Christina Dodd on Friends, Enemies and Writing
I was once asked to write a chapter for HOW TO WRITE A ROMANCE, the book Romance Writers of America published in conjunction with Writer’s Digest. As a subject for me, they suggested Selling A Book Can Change Your Life.
I burst into laughter. I called my published friends. I read them the subject. Each one of them burst into laughter. We laughed, I think, because while selling a book may change your life, it won’t change you.
Which is why you’d better stay in touch with the friends who knew you before you were published. They’re — what’s the word I’m looking for? — normal. They’re the people who when you tell them you’re writing a book, they say stuff like, “That explains it.” Old friends like you for yourself, not for your position or what they can get out of you. They retain the remarkable view that yeah, you’re a writer, and a writer is a person who worked hard and got a phone call that provided employment and a paycheck — and about time, too!
As you get involved in writing, you’ll make new friends: your critique group, the person who sits at your table at an RWA lunch, people who go to the movies with you, and when you say, “There’s the first plot point,” or “Could they be more obvious with the foreshadowing?” they nod their heads instead of saying, “Mother! Do you have to ruin every movie in my life?” These are writing friends, and as far as the rest of the world is concerned, they’re odd.
As far as you’re concerned, they’re just like you.
Probably both things are true.
Writers are some of the most supportive, most interesting, witty people in the world. (Photo is from Romance Writers of America conference where I was the luncheon speaker and my writing friends were my support . L to r: Geralyn Dawson, Lisa Kleypas, Connie Brockway, Susan Kay Law, moi, Eloisa James, Teresa Medeiros, Elizabeth Beverly, Heather MacAllister.)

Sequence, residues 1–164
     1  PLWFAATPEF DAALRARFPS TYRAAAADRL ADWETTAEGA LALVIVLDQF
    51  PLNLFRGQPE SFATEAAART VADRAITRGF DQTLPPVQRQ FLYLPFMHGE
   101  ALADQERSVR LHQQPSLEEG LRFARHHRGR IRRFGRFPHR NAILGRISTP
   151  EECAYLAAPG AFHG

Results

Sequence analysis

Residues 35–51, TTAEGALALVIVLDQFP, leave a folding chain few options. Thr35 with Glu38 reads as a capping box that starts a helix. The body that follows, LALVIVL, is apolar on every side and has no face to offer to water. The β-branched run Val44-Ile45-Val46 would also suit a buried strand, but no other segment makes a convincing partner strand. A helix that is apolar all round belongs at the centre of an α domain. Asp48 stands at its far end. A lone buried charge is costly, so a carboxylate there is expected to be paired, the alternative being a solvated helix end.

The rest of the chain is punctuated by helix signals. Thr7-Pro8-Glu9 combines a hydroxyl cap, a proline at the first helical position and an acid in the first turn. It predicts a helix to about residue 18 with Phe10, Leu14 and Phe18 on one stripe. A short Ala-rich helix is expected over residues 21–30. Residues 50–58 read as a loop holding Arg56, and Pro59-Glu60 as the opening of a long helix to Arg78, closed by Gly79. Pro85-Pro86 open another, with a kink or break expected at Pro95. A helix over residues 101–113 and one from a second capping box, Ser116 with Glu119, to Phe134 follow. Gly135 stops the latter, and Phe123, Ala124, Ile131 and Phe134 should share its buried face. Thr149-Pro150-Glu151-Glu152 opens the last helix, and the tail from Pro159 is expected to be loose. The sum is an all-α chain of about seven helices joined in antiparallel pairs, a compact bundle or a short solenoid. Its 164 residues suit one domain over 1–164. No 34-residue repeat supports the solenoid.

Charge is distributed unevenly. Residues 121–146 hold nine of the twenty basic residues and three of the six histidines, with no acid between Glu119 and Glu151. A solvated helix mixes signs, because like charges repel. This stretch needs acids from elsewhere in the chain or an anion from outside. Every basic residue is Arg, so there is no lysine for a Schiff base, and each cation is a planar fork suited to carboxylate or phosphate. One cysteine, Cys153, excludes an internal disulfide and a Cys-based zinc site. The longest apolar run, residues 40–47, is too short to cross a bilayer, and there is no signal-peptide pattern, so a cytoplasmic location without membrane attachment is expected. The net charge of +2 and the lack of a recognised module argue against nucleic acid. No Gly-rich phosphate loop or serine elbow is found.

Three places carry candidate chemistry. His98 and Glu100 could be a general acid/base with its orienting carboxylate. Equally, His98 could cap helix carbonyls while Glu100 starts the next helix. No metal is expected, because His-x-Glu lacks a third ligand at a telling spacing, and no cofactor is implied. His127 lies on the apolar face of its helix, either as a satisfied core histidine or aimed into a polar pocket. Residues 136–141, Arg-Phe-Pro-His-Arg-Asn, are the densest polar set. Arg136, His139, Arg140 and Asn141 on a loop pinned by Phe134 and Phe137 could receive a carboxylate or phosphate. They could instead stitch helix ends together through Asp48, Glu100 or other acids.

There are also a few who think if they bring you down, they’ll step into your place. So be generous with your support and your time. Be cautious about confiding your publishing woes and triumphs.
What else is it I’m supposed to talk about?
Don’t worry about that.
All you have to do is write your first chapter, and you’ll make an enemy.
Finish your manuscript. You’ll make an enemy. Win an award. You’ll make an enemy. Get published, make a bestseller list, get a good review … you’ll make an enemy. Success will provide you with enemies. Those kinds of enemies don’t matter. What they say about you is none of our business. Write the chapter, finish the manuscript, win the award, get published, make the bestseller list, get a good review.
Bring on the enemies! The alternative is failure. Have courage. Give the best that you can give. Be proud to tell your stories, and tell those stories with all your skill and all your heart. Maybe success will come. Maybe not. But no matter what, you will have made a very important person happy. You will have made yourself happy. And you deserve that. You deserve happiness.
Look for more of my articles about writing, including:
The Best Way to Write a Book (it’s the only way.)
Brief and Random Writing Tips
Where Do You Get Your Ideas?
Romance Clichés for the 21st Century